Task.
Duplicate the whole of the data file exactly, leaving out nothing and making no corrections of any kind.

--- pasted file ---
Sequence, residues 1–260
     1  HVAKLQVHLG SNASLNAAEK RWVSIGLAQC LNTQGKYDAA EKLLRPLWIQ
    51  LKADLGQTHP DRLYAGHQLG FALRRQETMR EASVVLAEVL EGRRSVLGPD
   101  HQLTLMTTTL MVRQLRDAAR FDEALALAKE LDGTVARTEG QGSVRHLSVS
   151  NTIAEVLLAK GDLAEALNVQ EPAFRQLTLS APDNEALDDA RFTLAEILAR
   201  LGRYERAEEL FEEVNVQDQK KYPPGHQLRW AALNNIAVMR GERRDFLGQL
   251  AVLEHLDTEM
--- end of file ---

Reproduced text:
Sequence, residues 1–260
     1  HVAKLQVHLG SNASLNAAEK RWVSIGLAQC LNTQGKYDAA EKLLRPLWIQ
    51  LKADLGQTHP DRLYAGHQLG FALRRQETMR EASVVLAEVL EGRRSVLGPD
   101  HQLTLMTTTL MVRQLRDAAR FDEALALAKE LDGTVARTEG QGSVRHLSVS
   151  NTIAEVLLAK GDLAEALNVQ EPAFRQLTLS APDNEALDDA RFTLAEILAR
   201  LGRYERAEEL FEEVNVQDQK KYPPGHQLRW AALNNIAVMR GERRDFLGQL
   251  AVLEHLDTEM